851lecture04

# Suppose that there exists such a p dene an

This preview shows page 1. Sign up to view the full content.

This is the end of the preview. Sign up to access the rest of the document.

Unformatted text preview: o if P is to be our candidate for the uniform probability, then it is reasonable to assume that P {A ⊕ r} = P {A} for any 0 < r < 1. To prove that no uniform probability exists for every A ∈ 2[0,1] we will derive a contradiction. Suppose that there exists such a P. Deﬁne an equivalence relation on [0, 1] by setting x ∼ y iﬀ y − x ∈ Q. For instance, 1 1 ∼, 2 4 1 1 ∼, 9 27 1 1 ∼, 9 4 1 1 ￿∼ , 3 π 1 1 ￿∼ , e π 11 11 − ∼ +. π4 π2 This equivalence relationship partitions [0, 1] into a disjoint union of equivalence classes (with two elements of the same class diﬀering by a rational, but elements of diﬀerent classes diﬀering by an irrational). Let Q1 = [0, 1] ∩ Q, and note that there are uncountably many equivalence classes. Formally, we can write this disjoint union as ￿ ￿ [0, 1] = Q1 ∪ {(Q + x) ∩ [0, 1]} = Q1 ∪ {Q1 ⊕ x} . x∈[0,1]\Q1 x∈[0,1]\Q1 4–2 1 4 1 8 15 16 1 π 1 π 1 π...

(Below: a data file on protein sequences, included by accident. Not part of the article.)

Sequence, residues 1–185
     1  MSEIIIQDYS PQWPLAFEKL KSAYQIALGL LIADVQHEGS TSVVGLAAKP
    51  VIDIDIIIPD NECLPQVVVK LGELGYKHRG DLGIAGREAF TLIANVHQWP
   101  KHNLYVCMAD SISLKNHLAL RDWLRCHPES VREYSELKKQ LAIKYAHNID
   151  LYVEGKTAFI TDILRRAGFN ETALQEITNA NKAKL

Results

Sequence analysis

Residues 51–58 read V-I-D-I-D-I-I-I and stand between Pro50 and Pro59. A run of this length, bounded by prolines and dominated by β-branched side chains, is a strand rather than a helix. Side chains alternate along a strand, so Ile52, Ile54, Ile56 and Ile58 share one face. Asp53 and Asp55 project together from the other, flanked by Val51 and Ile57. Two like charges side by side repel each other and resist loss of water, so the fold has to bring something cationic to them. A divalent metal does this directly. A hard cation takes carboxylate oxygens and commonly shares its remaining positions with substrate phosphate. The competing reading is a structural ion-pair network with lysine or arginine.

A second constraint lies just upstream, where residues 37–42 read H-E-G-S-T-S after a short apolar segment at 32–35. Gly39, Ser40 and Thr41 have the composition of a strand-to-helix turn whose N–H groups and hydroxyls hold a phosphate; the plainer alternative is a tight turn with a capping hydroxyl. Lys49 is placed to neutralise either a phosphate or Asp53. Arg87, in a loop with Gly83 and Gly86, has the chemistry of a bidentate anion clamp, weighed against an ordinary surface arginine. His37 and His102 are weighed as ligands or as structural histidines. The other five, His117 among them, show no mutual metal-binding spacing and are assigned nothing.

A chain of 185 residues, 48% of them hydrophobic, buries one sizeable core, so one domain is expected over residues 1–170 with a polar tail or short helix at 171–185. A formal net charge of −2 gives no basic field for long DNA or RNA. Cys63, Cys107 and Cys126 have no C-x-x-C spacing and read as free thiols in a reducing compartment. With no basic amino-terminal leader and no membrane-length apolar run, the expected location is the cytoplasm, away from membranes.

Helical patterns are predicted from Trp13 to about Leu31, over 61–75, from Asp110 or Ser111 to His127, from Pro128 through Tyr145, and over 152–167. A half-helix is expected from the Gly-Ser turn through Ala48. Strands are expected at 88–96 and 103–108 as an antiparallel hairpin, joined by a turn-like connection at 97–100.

View Full Document

## This document was uploaded on 04/07/2014.

Ask a homework question - tutors are online